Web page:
The Most Scientific Birth Is Often the Least Technological Birth

Posted By on April 9, 2012

From an excellent piece in The Atlantic:

If you look at scientific literature, you find over and over again that many interventions increase risk to mother and child instead of decreasing it.

When I ask my medical students to describe their image of a woman who elects to birth with a midwife rather than with an obstetrician, they generally describe a woman who wears long cotton skirts, braids her hair, eats only organic vegan food, does yoga, and maybe drives a VW microbus. What they don’t envision is the omnivorous, pants-wearing science geek standing before them.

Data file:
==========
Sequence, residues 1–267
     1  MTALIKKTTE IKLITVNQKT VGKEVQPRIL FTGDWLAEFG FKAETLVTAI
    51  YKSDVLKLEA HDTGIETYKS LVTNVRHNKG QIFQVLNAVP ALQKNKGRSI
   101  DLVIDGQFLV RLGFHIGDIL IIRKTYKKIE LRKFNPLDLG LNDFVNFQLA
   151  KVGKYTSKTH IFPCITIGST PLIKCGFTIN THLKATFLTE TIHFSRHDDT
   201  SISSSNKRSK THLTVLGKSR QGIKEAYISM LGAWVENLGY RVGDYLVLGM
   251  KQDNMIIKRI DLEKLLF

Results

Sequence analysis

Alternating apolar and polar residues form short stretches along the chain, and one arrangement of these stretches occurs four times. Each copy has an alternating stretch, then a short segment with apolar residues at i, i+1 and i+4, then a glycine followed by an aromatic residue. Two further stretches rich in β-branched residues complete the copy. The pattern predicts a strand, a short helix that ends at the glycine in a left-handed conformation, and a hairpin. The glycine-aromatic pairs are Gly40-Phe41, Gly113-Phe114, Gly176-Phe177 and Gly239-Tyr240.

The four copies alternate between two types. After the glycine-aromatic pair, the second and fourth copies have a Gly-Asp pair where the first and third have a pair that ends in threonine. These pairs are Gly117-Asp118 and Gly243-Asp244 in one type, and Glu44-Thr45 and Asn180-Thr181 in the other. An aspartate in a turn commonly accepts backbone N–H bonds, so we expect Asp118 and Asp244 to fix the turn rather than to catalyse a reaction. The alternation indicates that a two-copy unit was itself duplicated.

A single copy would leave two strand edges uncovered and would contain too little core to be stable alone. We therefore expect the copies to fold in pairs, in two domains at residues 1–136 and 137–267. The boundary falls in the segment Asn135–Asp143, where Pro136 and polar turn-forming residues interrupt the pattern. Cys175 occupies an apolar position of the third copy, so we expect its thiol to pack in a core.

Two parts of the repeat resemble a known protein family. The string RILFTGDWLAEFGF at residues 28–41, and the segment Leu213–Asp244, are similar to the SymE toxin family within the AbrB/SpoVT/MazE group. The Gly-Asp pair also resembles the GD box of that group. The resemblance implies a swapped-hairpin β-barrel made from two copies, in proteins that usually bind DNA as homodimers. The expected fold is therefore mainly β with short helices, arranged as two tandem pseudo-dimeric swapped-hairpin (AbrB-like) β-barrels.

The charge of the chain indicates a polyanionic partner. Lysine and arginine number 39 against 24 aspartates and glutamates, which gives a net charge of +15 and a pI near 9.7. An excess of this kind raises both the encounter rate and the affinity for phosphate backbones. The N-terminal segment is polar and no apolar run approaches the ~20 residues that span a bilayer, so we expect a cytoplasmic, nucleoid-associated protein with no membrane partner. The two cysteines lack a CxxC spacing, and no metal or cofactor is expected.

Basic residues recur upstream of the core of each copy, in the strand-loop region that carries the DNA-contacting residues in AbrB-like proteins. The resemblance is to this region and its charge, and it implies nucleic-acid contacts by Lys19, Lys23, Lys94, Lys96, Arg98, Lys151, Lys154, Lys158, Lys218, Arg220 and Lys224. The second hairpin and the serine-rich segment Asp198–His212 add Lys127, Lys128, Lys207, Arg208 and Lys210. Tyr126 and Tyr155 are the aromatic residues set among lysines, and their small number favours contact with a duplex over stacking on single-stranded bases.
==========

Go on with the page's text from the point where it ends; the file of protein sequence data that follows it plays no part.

Indeed, they become downright confused when I go on to explain that there was really only one reason why my mate — an academic internist — and I decided to ditch our obstetrician and move to a midwife: Our midwife could be trusted to be scientific, whereas our obstetrician could not.

Many medical students, like most American patients, confuse science and technology. They think that what it means to be a scientific doctor is to bring to bear the maximum amount of technology on any given patient. And this makes them dangerous. In fact, if you look at scientific studies of birth, you find over and over again that many technological interventions increase risk to the mother and child rather than decreasing it.

Read the entire piece HERE.

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About The Author

Jennie is the wife of Matthew and mother of ten children, all of whom keep the household bubbling with life, learning, and levity. Jennie co-founded LAF in 2002 with Lydia Sherman and has been delighted to hear from women all over the world who enjoy their femininity and love to cultivate womanly virtues.

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